Is A Prostate Check Painful?

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Less than a minute. That’s how long a prostate check takes – but it can save your life. It’s understandable to have some concerns about getting a prostate check, but the more you learn about the test, the clearer it is that it’s not only absolutely essential, but also really not that bad.

We asked Dr Luke Powles, associate clinical director at Bupa UK, about the most common concerns that men might have about getting their prostate checked.

What exactly does a prostate check involve? Is it painful and how long does it take?

The first test for prostate cancer is a blood test called Prostate Specific Antigen or PSA. Your PSA can be high if you have prostate cancer, but it can also be higher than normal if your prostate is infected, enlarged or inflamed. It’s important to note that recent vigorous exercise, sexual activity, urinary infection or prostate examination can also raise your PSA levels, so make sure your GP is aware of anything that could affect the test.

Your doctor will also need to check your prostate through the wall of your rectum with their finger. There is nothing to be worried about. We understand that it’s an intimate check and it can feel a little strange but it’s quick – it takes less than a minute – and isn’t normally painful.

What is the doctor looking for?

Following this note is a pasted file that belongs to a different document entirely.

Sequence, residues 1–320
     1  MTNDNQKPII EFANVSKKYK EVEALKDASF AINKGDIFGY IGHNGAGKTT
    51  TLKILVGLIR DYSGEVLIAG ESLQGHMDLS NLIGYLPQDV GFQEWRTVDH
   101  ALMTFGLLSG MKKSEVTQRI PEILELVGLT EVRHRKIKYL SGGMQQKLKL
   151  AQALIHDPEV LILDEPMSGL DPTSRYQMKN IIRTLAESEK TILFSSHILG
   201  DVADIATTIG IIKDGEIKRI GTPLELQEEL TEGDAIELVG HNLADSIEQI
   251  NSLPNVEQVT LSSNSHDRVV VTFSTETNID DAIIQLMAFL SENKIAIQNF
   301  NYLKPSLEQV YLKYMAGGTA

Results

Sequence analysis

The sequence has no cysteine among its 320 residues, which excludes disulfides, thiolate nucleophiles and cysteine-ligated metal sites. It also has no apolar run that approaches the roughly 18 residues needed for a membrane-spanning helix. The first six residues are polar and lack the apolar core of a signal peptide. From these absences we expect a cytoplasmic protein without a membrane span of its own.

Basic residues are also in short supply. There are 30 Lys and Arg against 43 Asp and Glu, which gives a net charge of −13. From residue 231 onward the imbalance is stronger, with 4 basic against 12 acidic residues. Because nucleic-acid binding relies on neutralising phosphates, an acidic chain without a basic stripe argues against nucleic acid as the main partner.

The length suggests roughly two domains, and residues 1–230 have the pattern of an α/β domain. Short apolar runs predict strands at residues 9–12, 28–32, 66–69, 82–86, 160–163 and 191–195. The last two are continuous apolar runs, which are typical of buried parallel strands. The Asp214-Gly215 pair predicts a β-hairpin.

A rectal exam can help identify the size of the prostate gland and any obvious irregularities on the surface of the prostate that may suggest cancer, even if the PSA is normal.

Why is it so important to get checked?

Early detection is the key to living a longer, healthier life. Getting checked regularly can ensure that if you need treatment, you get it as early as possible. In the UK 84% of men diagnosed with prostate cancer survive for at least ten years.

Who should get checked?

Prostate screening is available to all men 50 and older. However, men who are at higher risk of prostate cancer, including those with a family history or have Afro-Caribbean heritage, and those with urinary symptoms – like reduced flow, difficulties starting and stopping, getting up more often in the night – should talk to their doctor.

What can you do to reduce your risk of prostate cancer?

While there are lots of scare stories and misconceptions out there about cancer, there are most definitely things you can be doing to reduce your risk.

Eat a healthy, balanced diet with plenty of fresh fruit and vegetables, fibre, starchy foods, lean proteins and low-fat dairy products. Some foods can be prostate-healthy such as brassicas (which includes cauliflower and broccoli) cooked tomatoes, green tea, mixed nuts and pomegranate juice. These foods produce antioxidants or specific chemicals that protect prostate tissue.

Exercise regularly. Aim to do 30 minutes of low-intensity exercise on five days of the week. Aerobic exercise is best such as swimming, jogging, cycling and brisk walking. Stop smoking and steer clear of passive smoke, and stick to recommended alcohol limits. For men, that means no more than three to four units in a day.

Nick Harris-Fry
Senior writer

Nick Harris-Fry is a journalist who has been covering health and fitness since 2015. Nick is an avid runner, covering 70-110km a week, which gives him ample opportunity to test a wide range of running shoes and running gear. He is also the chief tester for fitness trackers and running watches, treadmills and exercise bikes, and workout headphones.